You are here
Home > The English Civil War

The English Civil War or Wars?

It’s often misunderstood that what is commonly referred to as the “English Civil War” actually consisted of three distinct phases or separate English Civil Wars.  The first English Civil War as we all know started in 1642 with its first major engagement being Edgehill in October and ended with the final battle at Stow-on-the-Wold in March 1646.  In between virtually every county in England saw local forces clashing for dominance whilst the main field armies manoeuvred for position and advantage.  The intervention of the 20,000 strong Scottish Covenanter army in late 1643, on behalf of Parliament, won the north for them whilst the King struggled to control the Midland, Wales and the Southwest.  The King managed to frustrate the London based armies of Parliament but eventually his last major field army succumbed at the Battle of Naseby in 1645 following the merger of three Parliamentary armies into the New Model Army under Sir Thomas Fairfax.  There then followed a period of “mopping up” whilst loyal Royalist garrisons were reduced one by one by the New Model Army, including our spiritual home at Basing House.  Charles surrendered to the Scottish army besieging Newark; the Scots promptly sold him to Parliament!  A peace of sorts was achieved and the First English Civil War ended.  However negotiations between the King and Parliament faltered, as the King tried to cause dissention between factions within the Army, Parliament and Scotland.  He succeeded and the Second English Civil War erupted – the best summary was written by Winston Churchill:-

“The Story of the Second English Civil War is short and simple.  King, Lords and Commons, landlords, merchants, the City and the countryside, bishops and presbyters, the Scottish army, the Welsh people, and the English Fleet, all now turned against the New Model Army.  The Army beat the lot!”

The Royalist forces in England were crushed at Colchester, the Scot’s Army at Preston and the Welsh at St Fagan’s.  By mid 1648 it was all over, Cromwell was in charge and Parliament purged of any moderation.  He now resolved to bring his anointed King to trial.  The King was arraigned tried at one of history’s first “show trials” in front of an appointed panel of “judges”.  The few real judges in the land refused to participate.  The verdict was not in doubt and the King murdered in January 1649 with fifty odd signatures of the regicides on the death warrant.  The tyranny of the army now held sway, as Churchill wrote:-

“We must not be led by Victorian writers into regarding this triumph of the Ironsides and of Cromwell as a kind of victory for democracy and the parliamentary system over Divine Right and Old World dreams.  It was the triumph of some twenty thousand resolute, ruthless, disciplined, military fanatics over all that England has ever willed or ever wished.  Long years and unceasing irritations were required to reverse it.”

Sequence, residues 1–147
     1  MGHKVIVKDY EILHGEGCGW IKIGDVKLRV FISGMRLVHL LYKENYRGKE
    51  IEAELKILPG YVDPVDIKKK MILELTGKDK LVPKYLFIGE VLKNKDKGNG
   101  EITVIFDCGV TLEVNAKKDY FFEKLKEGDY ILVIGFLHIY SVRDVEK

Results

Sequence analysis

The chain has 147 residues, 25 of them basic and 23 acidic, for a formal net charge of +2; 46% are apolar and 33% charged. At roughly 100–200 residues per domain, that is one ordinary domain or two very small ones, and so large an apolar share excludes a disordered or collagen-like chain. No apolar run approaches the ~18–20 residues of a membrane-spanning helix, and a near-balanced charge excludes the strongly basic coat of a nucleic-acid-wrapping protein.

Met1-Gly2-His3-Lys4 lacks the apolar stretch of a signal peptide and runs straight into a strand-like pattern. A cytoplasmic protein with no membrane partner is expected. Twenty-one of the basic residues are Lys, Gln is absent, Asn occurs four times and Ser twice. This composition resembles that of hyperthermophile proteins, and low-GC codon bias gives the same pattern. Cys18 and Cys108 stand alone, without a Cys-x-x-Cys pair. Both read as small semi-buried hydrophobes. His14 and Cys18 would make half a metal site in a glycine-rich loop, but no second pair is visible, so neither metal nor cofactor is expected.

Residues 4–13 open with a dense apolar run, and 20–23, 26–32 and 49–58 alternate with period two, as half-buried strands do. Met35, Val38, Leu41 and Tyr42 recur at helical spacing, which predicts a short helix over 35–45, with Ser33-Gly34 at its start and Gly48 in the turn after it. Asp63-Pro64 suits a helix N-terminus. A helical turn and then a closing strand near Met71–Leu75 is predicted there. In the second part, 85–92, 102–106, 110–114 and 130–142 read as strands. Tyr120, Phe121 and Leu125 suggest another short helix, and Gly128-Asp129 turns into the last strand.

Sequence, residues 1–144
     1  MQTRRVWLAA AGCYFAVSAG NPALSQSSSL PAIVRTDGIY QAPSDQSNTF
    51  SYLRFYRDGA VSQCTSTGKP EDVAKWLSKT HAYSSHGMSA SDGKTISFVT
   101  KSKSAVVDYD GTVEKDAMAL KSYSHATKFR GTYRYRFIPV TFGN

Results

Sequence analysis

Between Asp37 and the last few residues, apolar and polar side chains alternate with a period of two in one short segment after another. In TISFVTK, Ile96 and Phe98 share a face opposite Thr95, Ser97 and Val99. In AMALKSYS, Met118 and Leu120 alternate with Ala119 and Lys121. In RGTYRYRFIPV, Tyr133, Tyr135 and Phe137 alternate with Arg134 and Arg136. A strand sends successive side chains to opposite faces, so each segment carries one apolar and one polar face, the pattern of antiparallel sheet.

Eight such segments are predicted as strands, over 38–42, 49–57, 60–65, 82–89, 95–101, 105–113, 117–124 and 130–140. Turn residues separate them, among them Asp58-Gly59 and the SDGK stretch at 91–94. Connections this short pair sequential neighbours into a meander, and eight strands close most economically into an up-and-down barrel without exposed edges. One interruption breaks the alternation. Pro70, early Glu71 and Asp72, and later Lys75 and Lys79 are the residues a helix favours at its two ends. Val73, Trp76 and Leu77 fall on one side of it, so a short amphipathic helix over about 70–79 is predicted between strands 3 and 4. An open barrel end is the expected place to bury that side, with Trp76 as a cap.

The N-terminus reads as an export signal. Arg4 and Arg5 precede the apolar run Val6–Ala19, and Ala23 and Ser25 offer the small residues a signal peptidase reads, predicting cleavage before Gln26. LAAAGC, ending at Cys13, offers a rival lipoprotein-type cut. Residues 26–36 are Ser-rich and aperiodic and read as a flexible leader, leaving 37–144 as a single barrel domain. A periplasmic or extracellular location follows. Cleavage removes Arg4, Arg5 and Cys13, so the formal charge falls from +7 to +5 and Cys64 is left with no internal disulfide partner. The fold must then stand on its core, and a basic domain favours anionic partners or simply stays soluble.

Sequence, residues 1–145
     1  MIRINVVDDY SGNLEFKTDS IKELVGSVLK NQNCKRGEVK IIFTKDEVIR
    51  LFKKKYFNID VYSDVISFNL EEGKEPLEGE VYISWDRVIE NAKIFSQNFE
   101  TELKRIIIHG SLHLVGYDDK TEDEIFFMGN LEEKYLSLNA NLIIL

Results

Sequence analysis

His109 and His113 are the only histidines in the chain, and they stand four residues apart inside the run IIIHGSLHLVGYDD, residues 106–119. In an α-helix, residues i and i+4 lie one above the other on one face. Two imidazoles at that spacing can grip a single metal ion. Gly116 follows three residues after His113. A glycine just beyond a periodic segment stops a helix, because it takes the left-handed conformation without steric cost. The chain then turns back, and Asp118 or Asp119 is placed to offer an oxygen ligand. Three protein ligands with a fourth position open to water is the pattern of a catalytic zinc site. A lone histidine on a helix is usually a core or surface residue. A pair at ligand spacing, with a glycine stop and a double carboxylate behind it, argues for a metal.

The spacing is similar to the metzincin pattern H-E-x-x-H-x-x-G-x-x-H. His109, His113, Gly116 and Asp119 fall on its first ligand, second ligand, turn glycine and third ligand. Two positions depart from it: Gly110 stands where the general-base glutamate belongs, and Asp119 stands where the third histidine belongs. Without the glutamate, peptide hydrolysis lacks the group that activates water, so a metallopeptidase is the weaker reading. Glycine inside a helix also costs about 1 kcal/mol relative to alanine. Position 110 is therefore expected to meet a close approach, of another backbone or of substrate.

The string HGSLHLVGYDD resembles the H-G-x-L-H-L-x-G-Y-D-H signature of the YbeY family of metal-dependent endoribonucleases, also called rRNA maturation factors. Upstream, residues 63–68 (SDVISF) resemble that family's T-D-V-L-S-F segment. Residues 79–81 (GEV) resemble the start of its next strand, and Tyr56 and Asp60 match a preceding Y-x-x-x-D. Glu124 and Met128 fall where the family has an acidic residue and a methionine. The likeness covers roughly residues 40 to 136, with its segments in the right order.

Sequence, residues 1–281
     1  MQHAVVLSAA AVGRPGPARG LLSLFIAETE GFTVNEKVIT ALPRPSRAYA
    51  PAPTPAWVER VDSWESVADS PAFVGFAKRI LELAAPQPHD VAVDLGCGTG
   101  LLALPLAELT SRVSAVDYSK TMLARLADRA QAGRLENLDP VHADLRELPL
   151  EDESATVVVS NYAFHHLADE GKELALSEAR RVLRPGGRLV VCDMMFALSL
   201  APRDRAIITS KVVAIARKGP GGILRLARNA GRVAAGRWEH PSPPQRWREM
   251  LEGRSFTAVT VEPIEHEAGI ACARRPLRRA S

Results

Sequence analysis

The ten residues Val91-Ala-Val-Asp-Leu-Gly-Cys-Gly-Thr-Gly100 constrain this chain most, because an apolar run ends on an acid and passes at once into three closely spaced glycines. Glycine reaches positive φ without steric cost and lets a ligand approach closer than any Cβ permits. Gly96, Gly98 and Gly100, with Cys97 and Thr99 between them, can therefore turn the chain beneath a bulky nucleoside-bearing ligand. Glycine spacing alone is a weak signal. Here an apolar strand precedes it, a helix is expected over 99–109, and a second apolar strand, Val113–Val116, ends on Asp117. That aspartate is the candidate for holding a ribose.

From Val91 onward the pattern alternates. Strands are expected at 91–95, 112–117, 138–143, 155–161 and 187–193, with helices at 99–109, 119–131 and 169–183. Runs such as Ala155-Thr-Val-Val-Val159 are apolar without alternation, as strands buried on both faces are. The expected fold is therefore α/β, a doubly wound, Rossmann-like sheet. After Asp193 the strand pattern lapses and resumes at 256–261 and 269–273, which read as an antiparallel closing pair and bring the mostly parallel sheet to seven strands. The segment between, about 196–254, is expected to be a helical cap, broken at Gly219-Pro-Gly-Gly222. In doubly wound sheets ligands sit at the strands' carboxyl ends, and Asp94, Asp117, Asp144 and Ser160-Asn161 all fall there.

The execution of his father immediately made his son Charles King and he was able gain support from the Scots who were horrified at the illegal murder of his father.  For promising to support their Presbyterian aims Charles was able to raise a large army of Scots ready to invade England.  The Third English Civil War was under way!  However the New Model Army now under Cromwell struck first and marched into Scotland crushing the Scots at Dunbar.  Rebuffed besieging Edinburgh, Cromwell had to weather appalling conditions in Scotland and lost many men due to disease.  Charles II managed to give Cromwell the slip and manoeuvred his army into England, however the country was tired of war and few English recruits joined him.  Eventually he was brought to stand at Worcester in 1651 exactly one year after Dunbar.  His tired army of 12,000 men was surrounded by 30,000 veterans of Parliament – the end was not in doubt.  Eventually Charles II had to flee and was eventually smuggled out of England, ending the Third English Civil War.

So as you can see the English Civil War was actually made up of three English Civil Wars, increasingly acrimonious and deadly to those involved.  Not until Cromwell dies (on the anniversary of Worcester and Dunbar) does Charles II return to virtually universal acclaim and the murder of his father settled with the remaining regicides.  Though we call it the English Civil War as you can see it involved England, Scotland, Wales, Ireland and the Channel Islands – so perhaps we should call the English Civil War the British Civil Wars and rename the Wars of the Roses as the English Civil War?

James Churchill